I just read a recent IMF staff discussion note on shadow banking. It was chilling.
Sometimes the scariest things are hiding in plain sight. This IMF note is freely available for all to read.
"In its collateral intermediation function, shadow banking serves the demand of agents
for safety by reducing counterparty risk. Collateral underpins a wide range of financial
transactions: secured funding (mostly by nonbank investors), securities lending, and hedging
(including with over-the-counter (OTC) derivatives). As collateral is scarce, a key shadow
banking function is to re-use collateral to support a large volume of transactions . . . ."
Notice the scary contradiction? In order to seemingly reduce counter party risk, shadow banking simply re-uses collateral until it supports a large volume of transactions. If it's scarce, it should be protected. Instead, it is prostituted until it functions just like fractional reserve banking, which means there is essentially no collateral at all. This works until it doesn't.
"The first key shadow banking function, securitization, is a process that, through tranching,
repackages cash flows from underlying loans and creates assets that are perceived by market participants as fully safe . . . ."
Perception is reality until perception creates a new reality. The only thing supporting the current "reality" is confidence. When fear creeps in, as it did in 2007-2008, the same contraction will occur in the shadow banking system because nothing at all has changed.
"Another key function of shadow banking is supporting collateral-based operations within the
financial system. This involves the intensive re-use of scarce collateral, so that it supports as large as possible a volume of financial transactions. A small number of dealer banks, all SIFIs, are central in this process, which leads to systemic risks . . . ."
Again, intensive re-use of already scarce collateral simply weakens it.
"Altogether, the shadow banking system is complex, with a multitude of nonbank agents, and
many links to traditional banks and dealer banks. In part due to its complexity, its exact size
is not even well known . . . ."
No one knows its size, therefore no one can quantify the risks.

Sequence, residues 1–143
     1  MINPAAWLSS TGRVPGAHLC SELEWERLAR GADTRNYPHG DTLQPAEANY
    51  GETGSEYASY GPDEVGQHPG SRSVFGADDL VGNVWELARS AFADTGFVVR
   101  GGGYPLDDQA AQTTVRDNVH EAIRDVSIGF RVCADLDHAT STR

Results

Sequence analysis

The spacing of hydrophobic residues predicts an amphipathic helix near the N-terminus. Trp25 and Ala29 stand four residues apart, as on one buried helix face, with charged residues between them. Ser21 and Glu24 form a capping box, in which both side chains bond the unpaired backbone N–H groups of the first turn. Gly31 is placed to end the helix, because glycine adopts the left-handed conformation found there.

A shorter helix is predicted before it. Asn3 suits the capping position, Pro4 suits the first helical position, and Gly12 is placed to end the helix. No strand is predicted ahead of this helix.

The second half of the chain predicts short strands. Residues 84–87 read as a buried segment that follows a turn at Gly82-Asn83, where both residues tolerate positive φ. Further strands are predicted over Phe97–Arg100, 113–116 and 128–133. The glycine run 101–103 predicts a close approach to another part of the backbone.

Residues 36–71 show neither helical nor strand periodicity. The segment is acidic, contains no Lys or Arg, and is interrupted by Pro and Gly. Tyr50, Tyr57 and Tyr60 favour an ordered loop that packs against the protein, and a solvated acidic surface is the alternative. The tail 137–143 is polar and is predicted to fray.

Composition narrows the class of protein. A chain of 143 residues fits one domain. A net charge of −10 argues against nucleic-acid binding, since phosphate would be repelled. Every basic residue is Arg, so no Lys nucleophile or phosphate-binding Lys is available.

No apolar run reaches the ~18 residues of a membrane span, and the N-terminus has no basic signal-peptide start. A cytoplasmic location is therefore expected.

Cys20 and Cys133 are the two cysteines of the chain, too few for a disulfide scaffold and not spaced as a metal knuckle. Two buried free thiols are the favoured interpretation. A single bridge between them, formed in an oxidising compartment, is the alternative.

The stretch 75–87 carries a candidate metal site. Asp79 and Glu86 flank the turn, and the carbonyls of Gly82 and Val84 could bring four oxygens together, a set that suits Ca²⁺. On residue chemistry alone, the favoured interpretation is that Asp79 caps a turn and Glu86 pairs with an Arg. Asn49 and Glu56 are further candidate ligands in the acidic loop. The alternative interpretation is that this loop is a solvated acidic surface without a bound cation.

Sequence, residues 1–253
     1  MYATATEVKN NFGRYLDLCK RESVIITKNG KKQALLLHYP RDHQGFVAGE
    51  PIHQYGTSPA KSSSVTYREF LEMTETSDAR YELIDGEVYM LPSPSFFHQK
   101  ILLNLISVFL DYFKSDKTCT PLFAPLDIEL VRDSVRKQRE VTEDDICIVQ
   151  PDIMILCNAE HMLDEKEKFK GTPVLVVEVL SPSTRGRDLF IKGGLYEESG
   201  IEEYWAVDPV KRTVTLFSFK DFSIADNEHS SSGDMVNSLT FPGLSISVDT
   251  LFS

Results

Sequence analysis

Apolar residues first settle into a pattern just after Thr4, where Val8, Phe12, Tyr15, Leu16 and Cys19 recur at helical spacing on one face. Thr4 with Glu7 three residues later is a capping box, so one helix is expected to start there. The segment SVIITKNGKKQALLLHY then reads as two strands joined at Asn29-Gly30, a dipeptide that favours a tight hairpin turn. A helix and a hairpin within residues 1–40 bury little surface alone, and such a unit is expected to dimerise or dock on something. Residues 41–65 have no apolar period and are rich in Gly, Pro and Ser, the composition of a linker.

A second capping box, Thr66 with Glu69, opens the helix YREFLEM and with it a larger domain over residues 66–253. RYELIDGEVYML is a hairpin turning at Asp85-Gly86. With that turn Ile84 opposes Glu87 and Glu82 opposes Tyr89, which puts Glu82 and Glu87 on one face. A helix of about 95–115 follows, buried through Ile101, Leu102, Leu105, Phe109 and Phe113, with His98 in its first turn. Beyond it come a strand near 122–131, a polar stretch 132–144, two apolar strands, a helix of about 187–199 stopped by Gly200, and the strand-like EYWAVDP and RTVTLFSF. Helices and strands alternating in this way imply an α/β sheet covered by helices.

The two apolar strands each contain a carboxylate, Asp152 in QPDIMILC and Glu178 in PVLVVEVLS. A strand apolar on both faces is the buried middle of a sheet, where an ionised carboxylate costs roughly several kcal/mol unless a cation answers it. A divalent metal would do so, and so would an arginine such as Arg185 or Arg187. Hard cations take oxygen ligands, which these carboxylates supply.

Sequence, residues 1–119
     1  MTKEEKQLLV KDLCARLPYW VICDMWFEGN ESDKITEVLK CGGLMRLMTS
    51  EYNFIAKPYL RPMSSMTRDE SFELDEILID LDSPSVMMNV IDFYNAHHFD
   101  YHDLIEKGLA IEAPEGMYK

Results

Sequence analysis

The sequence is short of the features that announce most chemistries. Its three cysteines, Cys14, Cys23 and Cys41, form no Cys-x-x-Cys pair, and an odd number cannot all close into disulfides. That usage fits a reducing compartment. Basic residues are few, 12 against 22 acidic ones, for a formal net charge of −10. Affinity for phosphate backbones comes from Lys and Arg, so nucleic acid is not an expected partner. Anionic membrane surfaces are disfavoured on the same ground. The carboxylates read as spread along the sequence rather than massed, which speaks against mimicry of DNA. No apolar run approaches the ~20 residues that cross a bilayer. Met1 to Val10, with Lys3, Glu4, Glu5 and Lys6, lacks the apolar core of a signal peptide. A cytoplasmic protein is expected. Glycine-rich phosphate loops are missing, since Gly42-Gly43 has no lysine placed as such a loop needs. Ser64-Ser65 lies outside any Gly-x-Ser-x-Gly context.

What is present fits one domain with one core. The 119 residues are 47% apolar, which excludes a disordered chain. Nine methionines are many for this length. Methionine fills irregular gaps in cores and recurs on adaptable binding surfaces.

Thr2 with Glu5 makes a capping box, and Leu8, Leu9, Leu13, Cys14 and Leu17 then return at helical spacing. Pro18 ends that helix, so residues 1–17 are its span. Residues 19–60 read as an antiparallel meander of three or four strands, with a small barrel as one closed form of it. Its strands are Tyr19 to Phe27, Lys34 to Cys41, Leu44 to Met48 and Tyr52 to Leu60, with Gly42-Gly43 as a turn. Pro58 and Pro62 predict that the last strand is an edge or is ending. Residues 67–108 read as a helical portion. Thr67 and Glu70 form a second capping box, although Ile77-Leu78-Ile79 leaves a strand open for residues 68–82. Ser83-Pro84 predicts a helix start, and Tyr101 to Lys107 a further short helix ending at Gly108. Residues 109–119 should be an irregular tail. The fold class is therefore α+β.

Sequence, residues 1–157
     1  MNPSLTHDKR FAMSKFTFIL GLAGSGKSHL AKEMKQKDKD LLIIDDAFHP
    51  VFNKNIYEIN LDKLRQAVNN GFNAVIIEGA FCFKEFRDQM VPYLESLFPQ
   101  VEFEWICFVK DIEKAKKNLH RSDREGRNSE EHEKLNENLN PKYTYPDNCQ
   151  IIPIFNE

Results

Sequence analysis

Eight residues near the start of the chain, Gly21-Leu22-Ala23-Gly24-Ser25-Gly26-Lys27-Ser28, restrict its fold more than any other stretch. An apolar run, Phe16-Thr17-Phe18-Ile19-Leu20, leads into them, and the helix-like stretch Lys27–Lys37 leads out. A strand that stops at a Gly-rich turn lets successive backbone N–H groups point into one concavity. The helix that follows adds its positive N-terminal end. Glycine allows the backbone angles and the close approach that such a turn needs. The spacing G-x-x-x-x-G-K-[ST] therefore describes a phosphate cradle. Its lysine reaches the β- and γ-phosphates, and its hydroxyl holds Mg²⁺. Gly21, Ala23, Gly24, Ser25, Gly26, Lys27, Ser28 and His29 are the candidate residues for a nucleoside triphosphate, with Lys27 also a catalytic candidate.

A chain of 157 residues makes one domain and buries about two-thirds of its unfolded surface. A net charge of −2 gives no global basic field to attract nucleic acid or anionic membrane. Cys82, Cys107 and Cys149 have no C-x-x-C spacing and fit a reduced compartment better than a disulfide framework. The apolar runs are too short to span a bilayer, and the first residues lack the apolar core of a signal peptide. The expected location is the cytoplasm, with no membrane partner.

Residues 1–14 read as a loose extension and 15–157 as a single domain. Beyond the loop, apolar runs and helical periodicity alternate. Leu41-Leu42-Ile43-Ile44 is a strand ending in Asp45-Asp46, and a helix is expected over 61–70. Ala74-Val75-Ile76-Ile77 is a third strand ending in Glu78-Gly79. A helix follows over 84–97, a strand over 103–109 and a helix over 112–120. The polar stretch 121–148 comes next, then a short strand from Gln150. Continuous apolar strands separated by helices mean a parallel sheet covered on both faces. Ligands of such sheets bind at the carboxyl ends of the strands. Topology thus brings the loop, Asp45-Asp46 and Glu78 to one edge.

"Unless the systemic risks in shadow banking are addressed, these contingent liabilities will remain in place, with perhaps larger actual costs in future crises . . . ."
It's not a threat; it's a promise.
"Conclusion: Addressing the shadow banking system is a work in progress for regulators and policymakers, and research is yet to catch up fully with the issues. Since not all components of the response are yet clear, more policy-oriented research is needed."
The safety of the entire financial system is a work-in-progress. The prescription is more research. The inmates are running the asylum.
Time to take matters into our own hands.
Each day we're asked innocent "hiding in plain sight" questions. Maria says (or is told to say) "do you know where your money is?" while Capital One asks "what's in YOUR wallet?"
Such cute questions, asked with nauseating repetition, are an insidious form of truth telling. The money we deposit into "our" bank accounts becomes the scarce collateral that is lent and re-lent and intensively re-used to enable a multitude of further transactions, the vast percentage of which are supported not by actual collateral itself, but confidence. Shake that confidence and you shake the system -- the house of cards -- to its core.
So, do you know where your money is? Not exactly.
What's in YOUR wallet? Maybe a few Federal Reserve Notes and some plastic cards to access bits of electronic credits attached to your name.
More that that, we don't really know. And it sounds like no one else does either. Which makes it a great time to go long that which is so scarce: actual cash in your hand.